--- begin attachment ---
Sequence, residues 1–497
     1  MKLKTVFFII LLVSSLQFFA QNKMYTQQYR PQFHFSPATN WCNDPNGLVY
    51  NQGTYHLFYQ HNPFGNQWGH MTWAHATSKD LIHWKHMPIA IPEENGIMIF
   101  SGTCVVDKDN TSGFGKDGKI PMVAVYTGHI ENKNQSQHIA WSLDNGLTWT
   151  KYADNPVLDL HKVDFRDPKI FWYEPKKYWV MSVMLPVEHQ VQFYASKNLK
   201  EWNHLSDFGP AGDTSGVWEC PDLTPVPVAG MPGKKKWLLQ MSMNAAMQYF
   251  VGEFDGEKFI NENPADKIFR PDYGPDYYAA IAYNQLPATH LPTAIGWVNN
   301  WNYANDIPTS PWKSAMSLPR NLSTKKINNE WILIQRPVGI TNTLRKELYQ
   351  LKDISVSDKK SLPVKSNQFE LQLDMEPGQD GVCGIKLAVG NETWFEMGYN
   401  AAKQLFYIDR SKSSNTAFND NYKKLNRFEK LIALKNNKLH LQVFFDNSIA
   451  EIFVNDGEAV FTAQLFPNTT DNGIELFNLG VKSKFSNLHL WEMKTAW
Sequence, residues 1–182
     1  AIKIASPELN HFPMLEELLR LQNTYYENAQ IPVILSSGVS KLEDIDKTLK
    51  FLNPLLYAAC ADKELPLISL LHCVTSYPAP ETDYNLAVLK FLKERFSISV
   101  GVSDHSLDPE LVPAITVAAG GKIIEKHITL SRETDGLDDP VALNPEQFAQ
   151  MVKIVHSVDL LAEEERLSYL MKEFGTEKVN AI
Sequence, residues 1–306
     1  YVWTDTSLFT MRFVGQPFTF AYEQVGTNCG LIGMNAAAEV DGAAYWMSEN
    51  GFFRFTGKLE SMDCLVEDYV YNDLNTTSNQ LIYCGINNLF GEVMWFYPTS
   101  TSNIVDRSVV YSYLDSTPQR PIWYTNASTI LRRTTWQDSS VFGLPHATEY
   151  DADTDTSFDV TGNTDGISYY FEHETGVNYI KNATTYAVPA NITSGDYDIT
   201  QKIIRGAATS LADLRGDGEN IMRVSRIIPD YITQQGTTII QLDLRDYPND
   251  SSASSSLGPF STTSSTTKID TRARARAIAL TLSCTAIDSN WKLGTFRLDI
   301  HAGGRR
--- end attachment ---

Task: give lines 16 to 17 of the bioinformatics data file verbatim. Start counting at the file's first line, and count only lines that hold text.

   151  MVKIVHSVDL LAEEERLSYL MKEFGTEKVN AI
Sequence, residues 1–306